Surrogacy leave and pay – a loophole in the law?
On 17 April 2012, a Private Member’s bill was presented to the UK Parliament seeking to introduce leave, pay and allowances for parents of children born to surrogate mothers equal to those enjoyed by non-surrogate parents.
The introduction of this Bill follows on from the decision of the Newcastle employment tribunal in the case of C-D v S-T earlier this year. In this case, the Claimant, a mother by way of surrogacy, was refused leave under her employer’s adoption policy and was instead provided with the option of taking a career break, annual leave or unpaid leave. At tribunal, the Claimant argued that the EU Directives on pregnancy and equal treatment provide protection for female workers who become new mothers and UK law should be interpreted purposively to provide equal protection for mothers by way of surrogacy.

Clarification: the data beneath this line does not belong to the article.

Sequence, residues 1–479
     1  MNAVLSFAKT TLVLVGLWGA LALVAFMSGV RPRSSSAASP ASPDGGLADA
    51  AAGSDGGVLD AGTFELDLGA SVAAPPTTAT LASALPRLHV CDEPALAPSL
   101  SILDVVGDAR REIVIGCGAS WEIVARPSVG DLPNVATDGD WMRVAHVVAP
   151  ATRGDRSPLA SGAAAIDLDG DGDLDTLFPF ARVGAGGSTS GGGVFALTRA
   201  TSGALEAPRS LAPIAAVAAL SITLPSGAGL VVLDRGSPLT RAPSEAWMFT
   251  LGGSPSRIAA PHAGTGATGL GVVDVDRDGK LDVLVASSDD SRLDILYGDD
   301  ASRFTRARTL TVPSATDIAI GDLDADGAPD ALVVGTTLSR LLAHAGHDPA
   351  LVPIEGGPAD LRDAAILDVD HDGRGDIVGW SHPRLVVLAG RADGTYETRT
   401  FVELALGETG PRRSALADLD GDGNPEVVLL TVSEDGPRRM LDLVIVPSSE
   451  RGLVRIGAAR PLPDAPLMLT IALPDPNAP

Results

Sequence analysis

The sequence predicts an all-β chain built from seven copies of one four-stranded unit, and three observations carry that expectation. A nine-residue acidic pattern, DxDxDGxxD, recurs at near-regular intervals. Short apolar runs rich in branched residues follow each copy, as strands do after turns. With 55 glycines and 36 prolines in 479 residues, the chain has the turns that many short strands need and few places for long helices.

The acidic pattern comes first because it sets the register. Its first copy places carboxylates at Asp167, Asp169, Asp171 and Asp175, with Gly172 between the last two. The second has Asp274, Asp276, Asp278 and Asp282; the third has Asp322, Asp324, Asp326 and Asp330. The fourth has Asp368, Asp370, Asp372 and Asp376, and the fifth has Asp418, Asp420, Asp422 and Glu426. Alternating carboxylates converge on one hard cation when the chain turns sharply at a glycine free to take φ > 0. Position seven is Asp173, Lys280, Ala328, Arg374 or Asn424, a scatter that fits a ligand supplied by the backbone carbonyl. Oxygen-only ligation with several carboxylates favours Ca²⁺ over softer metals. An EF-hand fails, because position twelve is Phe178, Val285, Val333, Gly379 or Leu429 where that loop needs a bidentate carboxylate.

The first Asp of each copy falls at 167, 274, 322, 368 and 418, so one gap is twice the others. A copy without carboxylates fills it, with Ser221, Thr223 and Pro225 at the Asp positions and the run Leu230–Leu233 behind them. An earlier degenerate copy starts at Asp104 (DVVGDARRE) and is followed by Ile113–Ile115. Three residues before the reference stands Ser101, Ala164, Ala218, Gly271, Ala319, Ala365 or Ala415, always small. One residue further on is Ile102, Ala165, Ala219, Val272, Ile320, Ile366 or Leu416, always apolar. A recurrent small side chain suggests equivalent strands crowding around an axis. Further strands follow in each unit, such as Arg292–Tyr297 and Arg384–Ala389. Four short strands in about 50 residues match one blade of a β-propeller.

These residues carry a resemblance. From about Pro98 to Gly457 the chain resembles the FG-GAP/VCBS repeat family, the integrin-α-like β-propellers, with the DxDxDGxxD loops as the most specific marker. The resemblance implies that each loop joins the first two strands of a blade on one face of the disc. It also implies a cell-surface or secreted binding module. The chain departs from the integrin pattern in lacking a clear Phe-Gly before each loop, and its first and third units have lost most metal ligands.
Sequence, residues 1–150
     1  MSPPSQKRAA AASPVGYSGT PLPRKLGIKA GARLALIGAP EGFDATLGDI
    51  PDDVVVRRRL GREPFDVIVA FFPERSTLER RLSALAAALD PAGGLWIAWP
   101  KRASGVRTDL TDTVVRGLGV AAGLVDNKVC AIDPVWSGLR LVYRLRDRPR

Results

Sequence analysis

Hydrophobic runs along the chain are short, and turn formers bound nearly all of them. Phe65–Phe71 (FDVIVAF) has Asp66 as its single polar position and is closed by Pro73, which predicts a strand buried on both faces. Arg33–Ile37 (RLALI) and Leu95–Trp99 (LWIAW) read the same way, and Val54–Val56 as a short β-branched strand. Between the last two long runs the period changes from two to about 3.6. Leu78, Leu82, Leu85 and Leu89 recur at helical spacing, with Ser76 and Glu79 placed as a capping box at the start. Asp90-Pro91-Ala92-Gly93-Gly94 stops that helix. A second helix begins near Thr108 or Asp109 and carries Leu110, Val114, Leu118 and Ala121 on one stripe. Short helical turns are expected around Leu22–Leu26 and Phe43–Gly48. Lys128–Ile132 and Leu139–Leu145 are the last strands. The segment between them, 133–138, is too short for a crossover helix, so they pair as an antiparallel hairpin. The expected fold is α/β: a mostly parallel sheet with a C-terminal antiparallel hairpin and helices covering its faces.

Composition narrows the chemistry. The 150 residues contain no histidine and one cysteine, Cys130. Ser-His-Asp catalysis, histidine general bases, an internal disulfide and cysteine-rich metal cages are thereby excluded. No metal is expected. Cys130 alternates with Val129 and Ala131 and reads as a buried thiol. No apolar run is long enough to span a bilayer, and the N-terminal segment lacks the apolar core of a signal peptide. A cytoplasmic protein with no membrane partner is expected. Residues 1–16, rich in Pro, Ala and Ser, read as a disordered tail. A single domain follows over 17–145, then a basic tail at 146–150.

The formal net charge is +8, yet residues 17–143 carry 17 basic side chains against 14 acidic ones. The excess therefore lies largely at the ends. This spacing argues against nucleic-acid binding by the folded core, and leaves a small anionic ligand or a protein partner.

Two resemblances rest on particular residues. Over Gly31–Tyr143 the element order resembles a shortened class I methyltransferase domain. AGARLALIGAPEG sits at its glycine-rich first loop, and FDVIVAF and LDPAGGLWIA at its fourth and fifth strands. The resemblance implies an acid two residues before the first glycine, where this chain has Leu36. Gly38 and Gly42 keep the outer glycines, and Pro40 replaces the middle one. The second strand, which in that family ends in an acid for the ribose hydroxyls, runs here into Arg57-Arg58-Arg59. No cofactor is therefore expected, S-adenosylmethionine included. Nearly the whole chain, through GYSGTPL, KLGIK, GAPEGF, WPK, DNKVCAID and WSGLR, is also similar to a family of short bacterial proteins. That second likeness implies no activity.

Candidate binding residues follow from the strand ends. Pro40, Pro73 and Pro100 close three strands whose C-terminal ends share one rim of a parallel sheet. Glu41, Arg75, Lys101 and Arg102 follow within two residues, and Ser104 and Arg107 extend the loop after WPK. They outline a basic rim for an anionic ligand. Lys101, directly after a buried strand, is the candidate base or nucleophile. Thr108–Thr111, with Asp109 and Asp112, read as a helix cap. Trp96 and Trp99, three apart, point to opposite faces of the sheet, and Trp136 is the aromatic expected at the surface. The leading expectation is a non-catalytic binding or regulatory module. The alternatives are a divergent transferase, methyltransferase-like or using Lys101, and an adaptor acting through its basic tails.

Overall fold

The tribunal referred the matter to the ECJ in order to determine whether under EU law, a woman who becomes a mother through surrogacy should be entitled to paid maternity leave.
It remains to be seen whether the UK Parliament will await the ECJ’s opinion before progressing the Bill to the next stage. To keep track of the Bill through Parliament follow this link.